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High BP, on metoprolol, lisinopril, diuretic, low heart rate

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I have high blood pressure. Tonight's reading is 193 / 109. I have been taking metoprolol twice a day for over a month. I was taking lisinopril before that (and the two together when I first started the metoprolol) I have also been prescribed a diuretic (don't remember the long name) and it caused me to crash. Anyhow, none of these drugs are bring my blood pressure down. The GP I have seems concerned when she is prescribing the drugs but... doesn't matter. Anyhow, I have a couple of times forgotten to take one of the pills and my BP didn't go any higher and it came down a couple of times to almost normal. When I work around the house and work up a sweat or speed walk to raise my heart rate, it always comes down. My average heart rate is between 48 and 60... mostly in the low 50's. And that's when my BP goes high. I can't speed walk 24/7... any answers there? Thanks, bd
Posted Tue, 1 May 2012 in Hypertension and Heart Disease
Answered by Dr. Rakhi Tayal 22 minutes later
Thanks for writing to us.

Let me inform you that the drugs taken for hypertension do not produce the effect on dose to dose basis. These drugs when taken for a long period of time cause downregulation of receptors thus producing the effect.

Missing one or two doses in between decreases the overall effect of the medicine taken and in some cases might even lead to rebound hypertension.

It is always recommended to take your antihypertensives regularly without missing any doses. The effect on readings of blood pressure will be seen after two months of regular treatment.

If still there is no relief it means that the drugs you are getting are insufficient to control your blood pressure and the treatment you are getting needs to be reconsidered.'

Walking around is a mild exercise which diverts the blood flow to your extremities thus decreasing the cardiac work load. It is not a treatment of hypertension but helps in maintaining a constant reading. It is best to indulge in such light exercise at least five days a week.

Reducing fatty foods, salt and increasing citrus fruits,garlic,fish ,brown rice in your diet helps.Also avoid smoking , alcohol and stress.Try yoga, meditation and reduce your weight to lower your blood pressure.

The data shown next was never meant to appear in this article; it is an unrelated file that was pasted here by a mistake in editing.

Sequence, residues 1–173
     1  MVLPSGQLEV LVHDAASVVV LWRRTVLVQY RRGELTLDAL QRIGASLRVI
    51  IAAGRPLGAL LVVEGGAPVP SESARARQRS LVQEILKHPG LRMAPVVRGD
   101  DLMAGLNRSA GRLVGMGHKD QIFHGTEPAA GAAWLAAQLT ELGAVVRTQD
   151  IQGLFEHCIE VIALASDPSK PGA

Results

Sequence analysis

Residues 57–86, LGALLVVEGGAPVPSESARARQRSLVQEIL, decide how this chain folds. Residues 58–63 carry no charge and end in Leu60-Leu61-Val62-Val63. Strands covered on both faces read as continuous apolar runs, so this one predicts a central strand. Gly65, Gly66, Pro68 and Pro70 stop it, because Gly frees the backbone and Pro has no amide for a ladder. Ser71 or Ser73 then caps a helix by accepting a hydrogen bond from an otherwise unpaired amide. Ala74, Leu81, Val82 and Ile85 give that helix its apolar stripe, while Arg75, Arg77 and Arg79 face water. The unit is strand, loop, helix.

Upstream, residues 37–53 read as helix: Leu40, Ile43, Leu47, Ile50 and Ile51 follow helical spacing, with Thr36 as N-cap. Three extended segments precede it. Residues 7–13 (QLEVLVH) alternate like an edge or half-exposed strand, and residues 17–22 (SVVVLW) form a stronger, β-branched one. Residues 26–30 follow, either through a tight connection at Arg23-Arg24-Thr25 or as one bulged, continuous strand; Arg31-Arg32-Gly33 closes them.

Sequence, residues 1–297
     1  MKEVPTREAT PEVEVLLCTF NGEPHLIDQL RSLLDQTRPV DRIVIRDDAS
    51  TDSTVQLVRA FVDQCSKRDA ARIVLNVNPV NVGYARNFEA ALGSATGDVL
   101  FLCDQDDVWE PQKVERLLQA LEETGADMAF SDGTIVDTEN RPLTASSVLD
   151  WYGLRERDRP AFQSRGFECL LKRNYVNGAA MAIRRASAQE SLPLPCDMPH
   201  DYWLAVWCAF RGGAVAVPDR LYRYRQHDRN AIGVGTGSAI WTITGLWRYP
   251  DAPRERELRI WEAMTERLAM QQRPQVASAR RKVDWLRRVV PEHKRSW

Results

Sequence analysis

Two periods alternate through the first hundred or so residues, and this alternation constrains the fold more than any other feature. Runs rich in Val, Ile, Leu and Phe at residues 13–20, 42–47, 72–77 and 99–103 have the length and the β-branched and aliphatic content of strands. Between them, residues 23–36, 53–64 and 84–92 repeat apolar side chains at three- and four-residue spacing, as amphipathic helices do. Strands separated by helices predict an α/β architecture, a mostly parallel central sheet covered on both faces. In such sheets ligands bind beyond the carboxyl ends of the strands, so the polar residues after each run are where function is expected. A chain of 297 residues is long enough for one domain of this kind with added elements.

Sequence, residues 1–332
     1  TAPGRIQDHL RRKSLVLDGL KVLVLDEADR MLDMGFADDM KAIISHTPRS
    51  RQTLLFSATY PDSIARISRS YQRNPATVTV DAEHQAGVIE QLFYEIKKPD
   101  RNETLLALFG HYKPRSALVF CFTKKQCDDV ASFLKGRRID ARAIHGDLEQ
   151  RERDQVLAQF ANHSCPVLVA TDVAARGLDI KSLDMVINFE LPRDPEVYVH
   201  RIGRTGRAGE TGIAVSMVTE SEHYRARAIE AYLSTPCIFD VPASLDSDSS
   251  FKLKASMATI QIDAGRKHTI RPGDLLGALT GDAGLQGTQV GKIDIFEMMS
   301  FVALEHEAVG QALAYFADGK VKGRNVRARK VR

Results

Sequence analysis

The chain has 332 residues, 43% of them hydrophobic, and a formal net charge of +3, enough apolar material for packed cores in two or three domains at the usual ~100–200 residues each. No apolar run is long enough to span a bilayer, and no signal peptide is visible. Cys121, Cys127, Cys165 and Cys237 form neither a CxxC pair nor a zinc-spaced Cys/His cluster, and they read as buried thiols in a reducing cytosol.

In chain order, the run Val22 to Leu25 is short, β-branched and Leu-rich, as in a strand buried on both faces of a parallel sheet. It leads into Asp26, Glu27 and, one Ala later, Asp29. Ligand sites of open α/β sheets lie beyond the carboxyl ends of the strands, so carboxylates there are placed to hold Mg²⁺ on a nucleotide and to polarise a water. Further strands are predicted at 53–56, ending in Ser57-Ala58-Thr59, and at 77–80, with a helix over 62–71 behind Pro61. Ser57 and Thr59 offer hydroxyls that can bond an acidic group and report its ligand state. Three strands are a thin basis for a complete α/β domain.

I hope my answer and recommendations are adequate and helpful. Waiting for your further follow up queries if any.

Above answer was peer-reviewed by
Follow-up: High BP, on metoprolol, lisinopril, diuretic, low heart rate 35 minutes later
First... I am a christian... I do not do yoga. I have been using the diet you (and others) suggest for years now. I don't eat much rice because it catches in my esophagus. I don't smoke, drink. I pray and worship the living God and he blesses me with peace that you or the world can't give, create or know without knowing Him. Jesus is His name. Your answer seems, to me, a bit glib. I said I only missed a couple of times out of months of daily doses, not a regular miss, as you intimate. So far, my GP and other specialists that I have seen for tests haven't given me any more or better information than I have gotten from brochures that know nothing about me. Thank you for your time. bd
Answered by Dr. Rakhi Tayal 9 minutes later

Thanks for writing again.

If you have missed only a few doses even then it can impact your BP control. I advise my patient to take BP medicine at exact time (with alarm) on each day.

Yoga is a practice and not related to any religion. It is scientifically approved form of therapy which helps in both mental and physical relaxation. This is very much essential for keeping the blood pressure under control.

I opine if you can achieve a blood pressure lesser than 140/90mm Hg it is good control. It may take Bp lowering medicines, relaxation measures, diet changes, exercise and held you up for large part of the day, but it is really worth following it.

The lower pulse is a normal association with a high blood pressure and is not something to be worried about. This is commonly expected while on Metoprolol.

Wishing you an early recovery.
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